What is an In-Memory Cache?
An in-memory cache is a data storage layer that sits between applications and databases to deliver responses with high speeds by storing data from earlier requests or copied directly from databases. An in-memory cache removes the performance delays when an application built on a disk-based database must retrieve data from a disk before processing.
Reading data from memory is faster than from the disk. In-memory caching avoids latency and improves online application performance. Background jobs that took hours or minutes can now execute in minutes or seconds.
Since cache data is kept separate from the application, the in-memory cache requires data movement from the cache system to the application and back to the cache for processing. This often occurs across networks.
Distributed Versus Non-Distributed
Developers typically deploy caching solutions, such as Memcache, on a single node. Still, these solutions can’t scale to meet today’s big data demands. This is due to the physical limitations in a single server’s RAM.
Distributed caching enables multiple nodes to work together to hold massive amounts of cached data. This caching method breaks a large data set into shards and distributes them across all nodes of the in-memory computing cluster.
Depending on how often you update your database and whether consistency is a bigger concern than speed, you can choose from various cache strategies: cache aside, read-through, and write-through.
Cache-aside is the standard, simple caching strategy. The application lazy-loads database data on-demand to boost data fetching performance. In this strategy, the application first requests the data from the cache. If data exists in the cache (when a “cache hit” happens), the app retrieves information from the cache. If data is not in the cache (a “cache miss”), the app reads data from the data store and inserts it into or updates it to the cache for later use.
Read-through is a form of lazy-load caching similar to the cache-aside strategy. However, unlike cache-aside, your app is unaware of the data store. So, it queries the database by the caching mechanism instead. By delegating database reads to the cache component, your application code becomes cleaner — but at the expense of configuring extra caching components for database credentials.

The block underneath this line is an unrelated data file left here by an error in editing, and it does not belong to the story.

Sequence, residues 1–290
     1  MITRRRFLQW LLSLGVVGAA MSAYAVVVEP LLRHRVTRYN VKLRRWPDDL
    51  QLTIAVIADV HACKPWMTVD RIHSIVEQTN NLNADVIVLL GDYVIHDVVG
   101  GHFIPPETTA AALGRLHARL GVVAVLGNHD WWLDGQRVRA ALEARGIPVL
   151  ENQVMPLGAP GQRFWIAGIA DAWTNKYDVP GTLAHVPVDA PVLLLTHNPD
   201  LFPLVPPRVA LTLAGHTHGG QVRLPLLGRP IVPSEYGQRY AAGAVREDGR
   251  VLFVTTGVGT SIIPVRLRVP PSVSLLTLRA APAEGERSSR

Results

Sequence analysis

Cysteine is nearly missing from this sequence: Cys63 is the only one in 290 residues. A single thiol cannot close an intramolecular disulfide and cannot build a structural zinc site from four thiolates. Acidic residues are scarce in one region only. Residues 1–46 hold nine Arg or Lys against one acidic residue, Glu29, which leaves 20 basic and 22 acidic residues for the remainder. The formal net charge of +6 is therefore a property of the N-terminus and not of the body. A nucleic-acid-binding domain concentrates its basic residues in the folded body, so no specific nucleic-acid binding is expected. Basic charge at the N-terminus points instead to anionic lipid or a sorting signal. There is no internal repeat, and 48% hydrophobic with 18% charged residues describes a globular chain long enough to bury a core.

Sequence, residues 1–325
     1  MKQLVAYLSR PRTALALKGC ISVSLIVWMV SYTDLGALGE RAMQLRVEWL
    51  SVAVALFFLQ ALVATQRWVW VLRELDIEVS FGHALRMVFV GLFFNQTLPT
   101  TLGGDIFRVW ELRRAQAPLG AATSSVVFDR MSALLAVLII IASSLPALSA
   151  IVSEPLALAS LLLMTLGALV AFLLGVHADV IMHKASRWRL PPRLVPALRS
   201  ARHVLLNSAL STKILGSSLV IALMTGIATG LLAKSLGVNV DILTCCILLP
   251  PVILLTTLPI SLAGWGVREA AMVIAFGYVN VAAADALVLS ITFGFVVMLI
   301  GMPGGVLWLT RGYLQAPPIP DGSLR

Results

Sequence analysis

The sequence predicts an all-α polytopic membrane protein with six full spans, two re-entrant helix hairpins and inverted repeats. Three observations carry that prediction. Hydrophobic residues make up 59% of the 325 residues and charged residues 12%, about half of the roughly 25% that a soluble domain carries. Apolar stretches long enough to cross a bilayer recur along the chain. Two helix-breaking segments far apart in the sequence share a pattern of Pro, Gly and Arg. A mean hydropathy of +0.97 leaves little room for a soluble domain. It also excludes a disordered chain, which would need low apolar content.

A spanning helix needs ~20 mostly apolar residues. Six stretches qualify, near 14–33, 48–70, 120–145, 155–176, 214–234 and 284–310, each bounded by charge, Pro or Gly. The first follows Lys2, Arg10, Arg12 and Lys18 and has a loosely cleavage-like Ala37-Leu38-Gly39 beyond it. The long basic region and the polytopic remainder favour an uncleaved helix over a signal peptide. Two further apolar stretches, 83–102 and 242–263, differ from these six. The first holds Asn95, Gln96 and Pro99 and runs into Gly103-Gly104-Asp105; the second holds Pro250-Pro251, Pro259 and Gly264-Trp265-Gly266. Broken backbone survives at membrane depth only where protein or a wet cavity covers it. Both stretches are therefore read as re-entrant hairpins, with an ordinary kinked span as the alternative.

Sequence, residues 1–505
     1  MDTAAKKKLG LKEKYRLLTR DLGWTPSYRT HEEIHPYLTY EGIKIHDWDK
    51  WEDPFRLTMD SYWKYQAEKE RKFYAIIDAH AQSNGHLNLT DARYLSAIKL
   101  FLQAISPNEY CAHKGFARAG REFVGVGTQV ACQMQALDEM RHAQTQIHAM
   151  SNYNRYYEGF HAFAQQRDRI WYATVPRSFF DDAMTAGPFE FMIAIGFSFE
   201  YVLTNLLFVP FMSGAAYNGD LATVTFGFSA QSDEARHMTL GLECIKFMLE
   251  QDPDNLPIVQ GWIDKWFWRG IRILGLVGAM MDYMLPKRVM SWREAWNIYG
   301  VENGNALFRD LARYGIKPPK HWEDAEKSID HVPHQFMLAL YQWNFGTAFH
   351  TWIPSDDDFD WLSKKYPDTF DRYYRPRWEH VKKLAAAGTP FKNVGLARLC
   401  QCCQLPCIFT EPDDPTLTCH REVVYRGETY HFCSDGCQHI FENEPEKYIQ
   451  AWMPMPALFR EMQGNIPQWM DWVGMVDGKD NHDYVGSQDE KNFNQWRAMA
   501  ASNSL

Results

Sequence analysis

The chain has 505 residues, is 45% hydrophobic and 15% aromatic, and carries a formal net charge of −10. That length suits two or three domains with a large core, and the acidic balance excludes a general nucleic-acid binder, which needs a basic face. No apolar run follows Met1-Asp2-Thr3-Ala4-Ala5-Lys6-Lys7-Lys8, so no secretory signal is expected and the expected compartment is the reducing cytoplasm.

Write-through is a caching strategy where your application delegates database operations to the cache (similarly to the read-through cache, but for writes). Your app updates the cache, which then synchronously writes the new data to the database. This process slows the writing operation but ensures cache consistency and reliability. Developers use this strategy when consistency is a significant concern, and the application doesn’t frequently write data to the cache.
According to the results of a study released by Google in 2016, 53 percent of visitors abandon a website if it takes longer than three seconds to load. As a result, enterprises increasingly look for solutions such as in-memory cache to improve application performance.
Accelerating online database applications is the most common use case for in-memory caching. For example, a high-traffic website storing content in a database will significantly benefit from the in-memory cache. The website can replace frequent, time-consuming, disk-based database reads and writes with faster and reliable operations based on memory for online transactions.
Another related use case is a business intelligence (BI) report requiring complex queries to a data store. When business users check the report frequently, but it contains seldomly-updated historical data, a cache sitting in front of the data store can save time, network bandwidth, and processing capacity.
Apache Ignite and GridGain
Apache Ignite is a distributed database for high-performance computing with in-memory speed. Application developers frequently select it for the caching use case. As a distributed in-memory cache, Ignite supports a wide array of developer APIs including SQL queries, key-value, compute, and ACID transactions.
The open-source Apache Ignite code forms the foundation of GridGain. The enterprise-grade GridGain In-Memory Computing Platform allows deployment of Ignite securely at global scale with zero downtime.
In recent years, businesses have been moving their in-store experiences to real-time digital interactions, spiking interest in in-memory cache computing. But, we developers understand that technology alone isn’t enough for a business to succeed: We need to stay informed about which architecture, tools, and services adequately address our company’s in-memory distributed caching needs. We need to be aware of new approaches that deliver real-time experiences without disrupting internal systems or requiring developers to switch to a completely new technical stack.
As the leading edge of in-memory computing, Apache Ignite and GridGain help us address those needs. Learn more about how to leverage the power of Apache Ignite, access the GridGain In-Memory Computing Platform, solve your distributed caching challenges, and become production-ready and cloud-native with GridGain.